Heroin cited in lockup death

Donahue autopsy notes narcotic, heart disease

Man died in police custody

Howard County

July 18, 2002|By Jason Song | Jason Song,SUN STAFF

An Annapolis man who died in the custody of Howard County police in April was killed by a dose of heroin that stopped his diseased heart, a medical examiner's report shows.

Howard County police officials and family members of 32-year-old Michael Keliher Donahue, who died April 6 after being arrested on suspicion of driving under the influence of alcohol, disagreed over the significance of the report.

Police said the results proved that they acted correctly because Donahue, of the 200 block of Providence Road, showed no signs of physical abuse. Police also said that they are continuing an internal investigation into the incident but that they are unlikely to make any policy changes because of Donahue's death.

Donahue's family and lawyers say police should have known that Donahue was in physical danger and should have given him medical attention.

"His crime did not have to equal death," said Donahue's brother, John Murphy Donahue.

Michael Donahue was arrested the night of April 5, when drivers called Howard County police to report a suspected drunken driver in a white van near the 4200 block of Montgomery Road in Ellicott City.

Police found the Donahue brothers in a white van nearby, where they had run up on a curb and were changing a flat tire.

Police said Michael Donahue was driving, but John Donahue, 30, later said he was behind the wheel.

However, John Donahue explained that since he had a suspended license, Michael had told police that he had been driving.

Police said that Michael had slurred speech and that he failed a field sobriety test. But a breath test later showed that he had no alcohol in his system, police added.

Police found five white tablets of clonazepam, a tranquilizer, in the van. An officer trained in recognizing drug symptoms thought that Donahue could have taken a hallucinogen but did not recommend that he be taken to the hospital, according to police.

Michael Donahue was then taken to the Southern District lockup, where he was put in a cell with five other prisoners, fell asleep and began snoring loudly, police said.

He stopped breathing in the early morning, and officers attempted to resuscitate him. Officers then took Donahue to Howard County General Hospital, where he was pronounced dead about 5 a.m.

The medical examiner's report said Donahue died of "narcotic (heroin) intoxication complicating myocardial fibrosis (scars in the heart)."

Family and lawyers said police should have intervened long before Donahue stopped breathing. His brother said he warned police that Michael was in poor health but they ignored him.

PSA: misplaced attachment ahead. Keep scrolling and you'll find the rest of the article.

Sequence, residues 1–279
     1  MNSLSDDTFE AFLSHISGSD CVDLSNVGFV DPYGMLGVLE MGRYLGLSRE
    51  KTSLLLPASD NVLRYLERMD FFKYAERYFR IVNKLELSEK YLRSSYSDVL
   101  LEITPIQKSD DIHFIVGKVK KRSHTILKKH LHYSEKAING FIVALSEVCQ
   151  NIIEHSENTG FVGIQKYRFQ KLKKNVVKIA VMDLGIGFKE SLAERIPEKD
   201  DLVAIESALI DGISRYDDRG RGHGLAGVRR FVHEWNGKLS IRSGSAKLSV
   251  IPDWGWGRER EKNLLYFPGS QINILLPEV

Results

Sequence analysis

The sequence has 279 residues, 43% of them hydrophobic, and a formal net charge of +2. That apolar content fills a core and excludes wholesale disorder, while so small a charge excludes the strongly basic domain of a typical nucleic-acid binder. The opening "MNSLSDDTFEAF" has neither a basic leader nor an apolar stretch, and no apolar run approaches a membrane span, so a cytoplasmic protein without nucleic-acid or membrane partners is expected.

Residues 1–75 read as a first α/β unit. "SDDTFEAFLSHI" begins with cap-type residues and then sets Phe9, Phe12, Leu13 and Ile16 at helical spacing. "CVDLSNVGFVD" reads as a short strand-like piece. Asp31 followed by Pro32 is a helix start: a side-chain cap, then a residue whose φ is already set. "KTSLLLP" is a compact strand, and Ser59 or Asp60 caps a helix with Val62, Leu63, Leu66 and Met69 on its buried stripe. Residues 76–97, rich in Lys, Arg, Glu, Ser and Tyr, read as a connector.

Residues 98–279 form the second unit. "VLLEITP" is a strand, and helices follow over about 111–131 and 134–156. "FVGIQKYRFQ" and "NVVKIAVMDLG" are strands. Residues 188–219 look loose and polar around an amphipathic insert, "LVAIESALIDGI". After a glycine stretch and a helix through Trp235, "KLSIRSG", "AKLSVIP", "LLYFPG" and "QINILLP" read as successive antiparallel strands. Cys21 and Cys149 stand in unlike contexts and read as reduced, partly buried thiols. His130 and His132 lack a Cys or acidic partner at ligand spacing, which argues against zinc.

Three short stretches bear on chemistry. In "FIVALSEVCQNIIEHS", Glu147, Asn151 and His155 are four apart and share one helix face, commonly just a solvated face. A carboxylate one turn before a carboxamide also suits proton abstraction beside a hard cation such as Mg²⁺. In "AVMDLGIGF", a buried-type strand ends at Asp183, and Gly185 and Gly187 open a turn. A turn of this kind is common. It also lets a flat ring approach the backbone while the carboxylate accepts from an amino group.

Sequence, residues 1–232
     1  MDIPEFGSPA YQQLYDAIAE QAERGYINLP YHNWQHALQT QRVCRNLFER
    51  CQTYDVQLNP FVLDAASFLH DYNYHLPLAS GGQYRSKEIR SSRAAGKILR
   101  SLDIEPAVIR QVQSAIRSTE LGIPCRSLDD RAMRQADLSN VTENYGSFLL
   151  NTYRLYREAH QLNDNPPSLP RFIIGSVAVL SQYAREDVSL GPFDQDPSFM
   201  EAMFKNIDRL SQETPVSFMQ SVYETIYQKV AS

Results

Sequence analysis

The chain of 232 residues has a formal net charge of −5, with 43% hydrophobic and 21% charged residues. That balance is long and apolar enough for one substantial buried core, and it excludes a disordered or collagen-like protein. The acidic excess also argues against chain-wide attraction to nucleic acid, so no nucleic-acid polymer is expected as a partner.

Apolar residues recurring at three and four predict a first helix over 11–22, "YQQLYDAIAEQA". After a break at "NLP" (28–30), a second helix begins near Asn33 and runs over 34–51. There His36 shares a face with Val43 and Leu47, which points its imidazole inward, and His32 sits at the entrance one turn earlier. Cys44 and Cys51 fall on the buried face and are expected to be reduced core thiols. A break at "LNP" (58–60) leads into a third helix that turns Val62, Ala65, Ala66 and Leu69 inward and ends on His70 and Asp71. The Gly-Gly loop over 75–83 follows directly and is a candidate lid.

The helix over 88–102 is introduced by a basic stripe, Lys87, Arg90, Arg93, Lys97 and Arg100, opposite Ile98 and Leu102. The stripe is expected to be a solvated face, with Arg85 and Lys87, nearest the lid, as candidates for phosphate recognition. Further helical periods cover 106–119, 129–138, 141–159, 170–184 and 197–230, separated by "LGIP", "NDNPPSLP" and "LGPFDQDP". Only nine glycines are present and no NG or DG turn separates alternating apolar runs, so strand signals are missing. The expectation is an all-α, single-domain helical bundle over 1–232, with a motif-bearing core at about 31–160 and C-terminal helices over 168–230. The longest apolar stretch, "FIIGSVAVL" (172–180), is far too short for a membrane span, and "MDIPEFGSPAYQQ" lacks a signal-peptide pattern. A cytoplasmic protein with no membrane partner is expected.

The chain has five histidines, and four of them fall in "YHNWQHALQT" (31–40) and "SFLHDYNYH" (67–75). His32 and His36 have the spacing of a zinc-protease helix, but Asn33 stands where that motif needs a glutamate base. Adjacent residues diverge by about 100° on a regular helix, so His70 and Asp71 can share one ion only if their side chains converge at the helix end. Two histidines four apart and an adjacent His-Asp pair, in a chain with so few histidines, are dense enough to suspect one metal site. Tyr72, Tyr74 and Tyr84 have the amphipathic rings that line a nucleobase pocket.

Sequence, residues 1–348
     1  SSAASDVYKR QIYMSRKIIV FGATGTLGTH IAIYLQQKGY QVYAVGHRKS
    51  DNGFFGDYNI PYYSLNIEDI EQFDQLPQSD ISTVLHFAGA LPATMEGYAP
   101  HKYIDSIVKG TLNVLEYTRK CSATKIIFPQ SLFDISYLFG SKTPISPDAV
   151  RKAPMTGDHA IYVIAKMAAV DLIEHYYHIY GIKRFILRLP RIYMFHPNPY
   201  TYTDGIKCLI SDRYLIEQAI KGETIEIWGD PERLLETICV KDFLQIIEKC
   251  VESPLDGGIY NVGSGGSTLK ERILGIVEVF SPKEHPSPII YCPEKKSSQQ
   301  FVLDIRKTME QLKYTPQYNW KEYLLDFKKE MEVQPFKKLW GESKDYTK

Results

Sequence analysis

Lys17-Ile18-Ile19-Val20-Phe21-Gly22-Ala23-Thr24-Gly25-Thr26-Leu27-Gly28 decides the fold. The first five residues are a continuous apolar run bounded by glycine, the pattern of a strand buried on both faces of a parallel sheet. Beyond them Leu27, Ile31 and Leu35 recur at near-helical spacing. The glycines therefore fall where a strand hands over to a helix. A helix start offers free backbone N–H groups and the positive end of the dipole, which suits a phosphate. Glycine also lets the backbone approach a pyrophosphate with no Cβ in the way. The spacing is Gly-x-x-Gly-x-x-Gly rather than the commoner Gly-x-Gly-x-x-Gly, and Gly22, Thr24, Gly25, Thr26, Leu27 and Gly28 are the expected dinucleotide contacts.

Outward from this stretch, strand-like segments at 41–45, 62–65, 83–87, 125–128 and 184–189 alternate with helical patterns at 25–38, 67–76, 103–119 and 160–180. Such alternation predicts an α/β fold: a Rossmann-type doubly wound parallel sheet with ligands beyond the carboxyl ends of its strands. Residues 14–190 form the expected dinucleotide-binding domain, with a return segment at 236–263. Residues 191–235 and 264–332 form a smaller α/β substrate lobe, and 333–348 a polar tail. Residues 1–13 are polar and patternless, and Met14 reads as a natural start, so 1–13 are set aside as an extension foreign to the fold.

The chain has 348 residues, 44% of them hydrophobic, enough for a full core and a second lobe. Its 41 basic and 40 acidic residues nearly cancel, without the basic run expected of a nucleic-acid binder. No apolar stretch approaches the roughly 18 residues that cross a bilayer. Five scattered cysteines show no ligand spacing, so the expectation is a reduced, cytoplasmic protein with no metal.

"This kid was in obvious medical distress. ... If he'd gotten the proper medical attention, he would not have died," said David Schertler, a Washington attorney retained by the Donahues.

Although Michael Donahue had been convicted of fraudulently obtaining prescription drugs, according to court documents, his brother said he was surprised about the heroin.

"I'd never known of him taking it before," John Donahue said.

He said the only reason Michael would have taken heroin would have been to relieve back pain. Michael broke five vertebrae in a construction accident several years ago, family members said.

Despite the Donahues' anger, Police Chief Wayne Livesay said the autopsy "clears up most of our questions. While this was a very unfortunate incident ... I'm still very comfortable with the way our officers handled this case," he said.

As is the practice in Baltimore and Carroll counties and Baltimore, Howard police are not required to take prisoners acting erratically, who have no trace of alcohol on their breath, to the hospital. But Anne Arundel County police are required to take any suspect who registers a zero on two tests for alcohol but still appears drunk to a hospital.

Livesay said Anne Arundel's policy would not be a good fit in Howard County. "That's not necessary or practical," he said.

Sun staff writers Laura Barnhardt, Sheridan Lyons and Julie Bykowicz contributed to this article.

Baltimore Sun Articles
|
|
|
Please note the green-lined linked article text has been applied commercially without any involvement from our newsroom editors, reporters or any other editorial staff.